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"What would happen if hate came to your town?"
It's a simple question. Four Richmond, Virginia, moms faced it last March, when they learned that Fred Phelps' roadshow of hate—the anti-gay, anti-Jew, anti-America, proto-nihilist Westboro Baptist Church—was headed to their town. The abusive Westies, who are famous for celebrating the funerals of fallen soldiers and intimidating grade schoolers, planned to bring their multi-colored signs and cuss-laden chants to four area sites: the Virginia Holocaust museum, the local Jewish Community Center, a Jewish day camp called the Jerusalem Connection, and the Straight-Gay Student Alliance at Hermitage High School.
How to resist such a movement? Counter-protests? Sure. Just make sure the anger and violence is all on their side, not yours.
Singing? OK, it's worked before.
Blocking their access? Lord, no. The church "elders" are all attorneys, who live to sue and counter-sue everyone who challenges them, citing their First Amendment rights.
Anyway, all of these are ephemeral responses. The Westies come, 11-year-old hate-spewing child in tow, they say their piece, they get TV coverage, then they move on and do it again. A counter-protest is for one day. Westboro's hate goes on forever.
So Sarah Allen-Short, Jessica Lucia, Sara Heifetz, and Patience Salgado decided to do more. They harnessed Richmond residents' anti-Westboro frustrations to solicit donations for the targeted Jewish and LGBT organizations. The deal: Give a dollar for every minute WBC protests.
That was how Pennies in Protest started. They figured they'd get $1,000 or so. But by the time WBC blew out of town, 500 individuals had given more than $14,000. Their Facebook page had 3,000 fans. And people across the country were asking how to do it in their own communities.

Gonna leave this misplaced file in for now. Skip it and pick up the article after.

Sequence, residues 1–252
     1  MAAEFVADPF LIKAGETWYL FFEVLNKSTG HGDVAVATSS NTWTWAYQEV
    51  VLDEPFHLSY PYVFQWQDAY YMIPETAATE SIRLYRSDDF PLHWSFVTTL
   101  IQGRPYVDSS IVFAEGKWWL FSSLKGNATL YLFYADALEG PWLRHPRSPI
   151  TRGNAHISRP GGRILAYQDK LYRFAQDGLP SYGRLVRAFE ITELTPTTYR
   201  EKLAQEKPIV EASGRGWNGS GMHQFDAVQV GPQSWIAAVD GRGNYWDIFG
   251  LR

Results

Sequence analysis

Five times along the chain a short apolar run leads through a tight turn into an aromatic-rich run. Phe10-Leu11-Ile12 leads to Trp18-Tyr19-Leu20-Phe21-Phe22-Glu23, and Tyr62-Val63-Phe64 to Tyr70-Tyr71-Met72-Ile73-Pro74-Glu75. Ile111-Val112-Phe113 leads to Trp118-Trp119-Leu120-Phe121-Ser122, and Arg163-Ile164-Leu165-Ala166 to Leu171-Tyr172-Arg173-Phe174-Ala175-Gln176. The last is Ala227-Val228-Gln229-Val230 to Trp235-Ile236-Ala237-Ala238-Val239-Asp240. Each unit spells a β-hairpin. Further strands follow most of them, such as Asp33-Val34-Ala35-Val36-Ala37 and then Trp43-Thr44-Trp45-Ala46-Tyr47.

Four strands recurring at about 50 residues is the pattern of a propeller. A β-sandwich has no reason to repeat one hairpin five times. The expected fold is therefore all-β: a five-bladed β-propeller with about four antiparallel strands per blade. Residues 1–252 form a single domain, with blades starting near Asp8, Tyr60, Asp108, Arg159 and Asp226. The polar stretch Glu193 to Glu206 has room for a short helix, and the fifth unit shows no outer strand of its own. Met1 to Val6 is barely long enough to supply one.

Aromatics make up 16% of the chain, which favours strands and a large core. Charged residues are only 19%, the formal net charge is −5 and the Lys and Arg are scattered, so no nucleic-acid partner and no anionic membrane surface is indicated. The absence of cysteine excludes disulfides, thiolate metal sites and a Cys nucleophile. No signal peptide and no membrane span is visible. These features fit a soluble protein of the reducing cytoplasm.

Oh yeah, and WBC got drowned out by counter-protesters at every stop, too. And GayRVA, the local LGBT publication, made the four women their "Out.Spoken" Richmonders of the year.
"We're always trying to do better things in the world and this was just a no-brainer," Allen-Short told GayRVA. "It seemed like the only thing that's not complicated. It's not political, but I think that’s what was cool about it."
Now, these ladies can't drop their lives to follow WBC's hate-speech caravan all over the globe. So they did the next best thing: They started a website, PenniesinProtest.com, that explains their success story and how it can be duplicated by anyone anywhere. Fourteen easy steps show how to start a charity for kindness against hate.
But the best step of all? Step 13. It probably came naturally to group co-founder Salgado, who uses her blog, Kindness Girl, to chronicle "her adventures in what she calls 'Guerrilla Goodness'—from leaving Starbucks cards all over Carytown to writing inspiring messages in sidewalk chalk to students across the city on their first day of school."
Hence, Step 13:
It was important to us to let the Westboro Baptist Church know that the organizations they hate the most benefitted directly from their visit to our city. If they had never come here and chanted their hateful messages, our local community wouldn’t have donated $14,000 to local Jewish and LGBT organizations. They came here to harm our local Jewish and LGBT people, and their visit resulted in love and support.
So we made them a beautiful thank you note, and we mailed it to them.
This morning, Allen-Short sent me a note, too, on Twitter. But it's not really for me, it's for you: "WBC is headed to CA and NE next, so maybe some MoJo readers there will take up the cause. thx!"